Will Traffic Jams Become Ancient History?


Will Traffic Jams Become Ancient History?

Billions of dollars are wasted each year given the severe road congestions. The only resolution is a reliable, trustworthy, and low cost public transportation.

By: Gady Shlasky

2016 set yet another record for the number of new vehicles on the roads, as millions of new cars made major cities around the world even more congested. The numbers are not even close to improving during the coming years. Along with the population growth, so are the road congestions and overload – getting worse.
These facts will directly impact the ‘duration commuting’ – the time lengths it takes drivers to travel from home to work each day. There are 129 million commuters in the USA alone, Over 75% of them commute alone. The average commuter wasted 42 hours — more than a typical work week — and $960 last year in traffic, according to a recent study from the Auto Insurance Center.


Duration commuting carries a heavy price. By calculating the average working hours, it turns out that billions of dollars are wasted each year while on the roads. Added to that are the indirect costs, not calculated, like health damages given the increased air pollution, accident related costs…etc. Duration commuting also effects the work quality and productivity, as more time is spent driving rather than working. In addition, you can also include the car maintenance and future health risks given the lack in the driver’s physical activity.


The main cause for the increased use in private vehicles is the inefficiency of public transportation around the world. Although during the past several years the bus networks have drastically expanded, including the train layout, many areas still do not benefit from sufficient public transport. Coordination between busses to trains is lacking, and the often delays and cancellations – due to heavy traffic – harm the reliability and trust of the service. This then leaves the public to choose private transport instead, keeping two cars and more per household.


One of public transportation’s main failures is the first and last miles, those connections leading ‘to’ and ‘from’ the main transport method (i.e. train). Many drivers would happily give up driving if they could arrive to these passages through public transportation in a quick, reliable, and simple manner – to and from work.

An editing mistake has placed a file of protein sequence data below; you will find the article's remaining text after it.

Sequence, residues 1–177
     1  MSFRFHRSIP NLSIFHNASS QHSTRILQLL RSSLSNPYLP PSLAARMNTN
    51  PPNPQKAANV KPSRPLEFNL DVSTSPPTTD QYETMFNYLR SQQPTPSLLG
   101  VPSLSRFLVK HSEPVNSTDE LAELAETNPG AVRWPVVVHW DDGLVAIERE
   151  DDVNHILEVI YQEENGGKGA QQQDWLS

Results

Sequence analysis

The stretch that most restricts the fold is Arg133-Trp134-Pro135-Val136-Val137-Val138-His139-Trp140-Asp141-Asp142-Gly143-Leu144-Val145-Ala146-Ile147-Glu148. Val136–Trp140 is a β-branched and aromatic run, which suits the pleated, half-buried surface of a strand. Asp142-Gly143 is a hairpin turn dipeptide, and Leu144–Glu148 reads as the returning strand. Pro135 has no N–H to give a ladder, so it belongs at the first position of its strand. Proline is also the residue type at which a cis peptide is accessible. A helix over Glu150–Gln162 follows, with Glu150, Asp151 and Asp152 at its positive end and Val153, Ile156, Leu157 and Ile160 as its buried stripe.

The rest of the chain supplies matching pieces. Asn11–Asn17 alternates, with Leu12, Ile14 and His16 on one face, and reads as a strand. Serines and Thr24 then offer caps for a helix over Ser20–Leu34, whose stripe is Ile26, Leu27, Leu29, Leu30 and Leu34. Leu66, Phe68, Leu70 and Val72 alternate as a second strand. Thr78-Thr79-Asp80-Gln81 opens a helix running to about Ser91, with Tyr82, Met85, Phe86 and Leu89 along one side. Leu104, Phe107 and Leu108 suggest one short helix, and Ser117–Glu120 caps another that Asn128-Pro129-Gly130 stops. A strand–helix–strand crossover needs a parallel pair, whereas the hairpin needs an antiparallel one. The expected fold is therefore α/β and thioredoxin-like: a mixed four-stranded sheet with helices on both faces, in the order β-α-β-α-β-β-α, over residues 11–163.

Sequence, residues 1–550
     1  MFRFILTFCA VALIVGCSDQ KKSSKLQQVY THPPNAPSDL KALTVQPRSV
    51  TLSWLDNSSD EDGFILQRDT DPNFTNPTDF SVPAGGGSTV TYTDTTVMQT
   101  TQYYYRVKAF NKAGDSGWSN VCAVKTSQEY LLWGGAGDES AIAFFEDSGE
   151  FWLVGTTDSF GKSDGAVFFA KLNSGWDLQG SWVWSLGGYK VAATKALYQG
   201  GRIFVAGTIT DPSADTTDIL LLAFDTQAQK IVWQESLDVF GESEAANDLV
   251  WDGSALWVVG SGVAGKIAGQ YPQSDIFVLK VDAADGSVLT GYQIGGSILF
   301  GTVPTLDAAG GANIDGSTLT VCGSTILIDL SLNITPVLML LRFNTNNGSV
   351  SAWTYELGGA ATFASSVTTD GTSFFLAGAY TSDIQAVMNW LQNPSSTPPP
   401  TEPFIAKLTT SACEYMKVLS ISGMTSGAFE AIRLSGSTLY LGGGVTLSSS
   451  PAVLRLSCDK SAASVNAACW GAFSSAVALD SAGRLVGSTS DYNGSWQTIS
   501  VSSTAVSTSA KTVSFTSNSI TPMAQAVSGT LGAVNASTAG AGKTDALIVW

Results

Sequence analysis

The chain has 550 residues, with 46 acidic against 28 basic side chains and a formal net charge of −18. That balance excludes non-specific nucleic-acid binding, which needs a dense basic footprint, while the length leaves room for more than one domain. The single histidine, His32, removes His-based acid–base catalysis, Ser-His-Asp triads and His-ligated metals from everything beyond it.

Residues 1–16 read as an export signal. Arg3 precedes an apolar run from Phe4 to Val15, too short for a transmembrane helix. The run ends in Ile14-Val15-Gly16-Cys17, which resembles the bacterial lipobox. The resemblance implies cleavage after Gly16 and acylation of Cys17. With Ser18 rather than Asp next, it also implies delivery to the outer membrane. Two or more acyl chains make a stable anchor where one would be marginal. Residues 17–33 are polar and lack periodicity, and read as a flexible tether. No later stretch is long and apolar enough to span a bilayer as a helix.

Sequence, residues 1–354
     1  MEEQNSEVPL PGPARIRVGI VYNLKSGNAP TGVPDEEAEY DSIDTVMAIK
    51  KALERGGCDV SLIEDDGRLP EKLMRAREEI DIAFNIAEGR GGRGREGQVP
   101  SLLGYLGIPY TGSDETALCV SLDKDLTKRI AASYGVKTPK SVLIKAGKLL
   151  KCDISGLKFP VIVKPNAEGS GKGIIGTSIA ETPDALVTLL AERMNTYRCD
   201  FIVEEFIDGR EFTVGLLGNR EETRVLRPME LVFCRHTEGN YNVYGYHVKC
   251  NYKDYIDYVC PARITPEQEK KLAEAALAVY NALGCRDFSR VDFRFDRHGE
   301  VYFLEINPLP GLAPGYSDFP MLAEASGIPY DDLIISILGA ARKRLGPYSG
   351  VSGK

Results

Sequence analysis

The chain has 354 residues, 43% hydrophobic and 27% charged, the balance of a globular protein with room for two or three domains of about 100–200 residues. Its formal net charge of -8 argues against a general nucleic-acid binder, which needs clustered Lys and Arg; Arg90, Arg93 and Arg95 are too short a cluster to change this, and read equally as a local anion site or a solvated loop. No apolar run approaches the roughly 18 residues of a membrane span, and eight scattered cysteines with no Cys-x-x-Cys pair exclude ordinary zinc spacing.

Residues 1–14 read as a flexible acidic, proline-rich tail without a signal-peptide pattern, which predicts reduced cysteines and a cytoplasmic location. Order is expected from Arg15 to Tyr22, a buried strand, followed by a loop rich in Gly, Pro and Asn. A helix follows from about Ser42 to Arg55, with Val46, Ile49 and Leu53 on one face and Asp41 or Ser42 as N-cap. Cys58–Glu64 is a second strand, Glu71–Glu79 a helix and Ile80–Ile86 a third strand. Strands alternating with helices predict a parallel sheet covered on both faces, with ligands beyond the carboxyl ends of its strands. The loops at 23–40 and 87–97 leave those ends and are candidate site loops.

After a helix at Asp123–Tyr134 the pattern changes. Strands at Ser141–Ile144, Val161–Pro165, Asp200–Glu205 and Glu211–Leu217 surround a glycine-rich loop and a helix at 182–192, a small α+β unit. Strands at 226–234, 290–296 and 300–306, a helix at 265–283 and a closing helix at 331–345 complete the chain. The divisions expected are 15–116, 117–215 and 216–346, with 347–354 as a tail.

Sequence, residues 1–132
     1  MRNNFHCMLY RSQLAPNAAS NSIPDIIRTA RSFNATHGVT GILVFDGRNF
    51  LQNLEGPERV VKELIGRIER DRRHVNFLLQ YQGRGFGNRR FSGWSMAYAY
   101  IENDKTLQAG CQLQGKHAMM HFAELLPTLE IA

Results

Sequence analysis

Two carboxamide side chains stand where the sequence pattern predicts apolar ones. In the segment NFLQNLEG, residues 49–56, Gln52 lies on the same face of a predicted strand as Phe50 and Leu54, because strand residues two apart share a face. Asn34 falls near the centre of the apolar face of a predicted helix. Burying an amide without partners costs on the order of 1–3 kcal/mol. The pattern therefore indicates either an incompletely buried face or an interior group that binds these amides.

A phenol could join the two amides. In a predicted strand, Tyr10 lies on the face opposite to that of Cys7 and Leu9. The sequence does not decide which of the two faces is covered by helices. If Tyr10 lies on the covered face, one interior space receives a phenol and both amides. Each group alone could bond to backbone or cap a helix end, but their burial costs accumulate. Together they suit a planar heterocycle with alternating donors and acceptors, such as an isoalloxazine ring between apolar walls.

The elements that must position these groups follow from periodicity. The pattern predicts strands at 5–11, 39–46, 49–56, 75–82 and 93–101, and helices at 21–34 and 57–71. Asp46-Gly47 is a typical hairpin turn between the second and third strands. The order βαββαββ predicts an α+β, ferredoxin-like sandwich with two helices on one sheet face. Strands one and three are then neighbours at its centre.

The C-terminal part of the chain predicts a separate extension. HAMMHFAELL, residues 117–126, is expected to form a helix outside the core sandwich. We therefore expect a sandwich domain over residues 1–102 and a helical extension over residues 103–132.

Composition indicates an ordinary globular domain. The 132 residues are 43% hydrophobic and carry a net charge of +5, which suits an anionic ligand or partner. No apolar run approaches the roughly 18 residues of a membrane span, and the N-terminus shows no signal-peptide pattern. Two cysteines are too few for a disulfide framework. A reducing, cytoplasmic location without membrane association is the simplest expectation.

The solution lays in the adoptions of flexible public transport, where the routes, stops, and schedules are driven by passengers’ demands. This way, a person wishing to travel to work will ‘order’ a ride through a mobile application. A vehicle, adjusted in size, will pick the traveler from home, along with other near-by passengers, to the train station or their first mile station. All this in a low price of a train or bus ticket.


This type of service can only succeed in the condition that the four transportation pillars are present – availability, certainty, reliability, and low cost. Flexible public transport, along with improved fixed routes, will push many drivers to leave their car at home, and possibly even give up the second family car. The road jams will decrease, productivity will grow, and billions of dollars will be saved.


The solution does not require much investment in existing infrastructure upgrades, but rather creative thinking by the decision makers. The sense of national urgency demands courageous choices for the sake of each country’s future transportation and its drivers.


The author is Optibus’ CEO, a company dedicated to developing innovative technological solutions for smarter public transportation.

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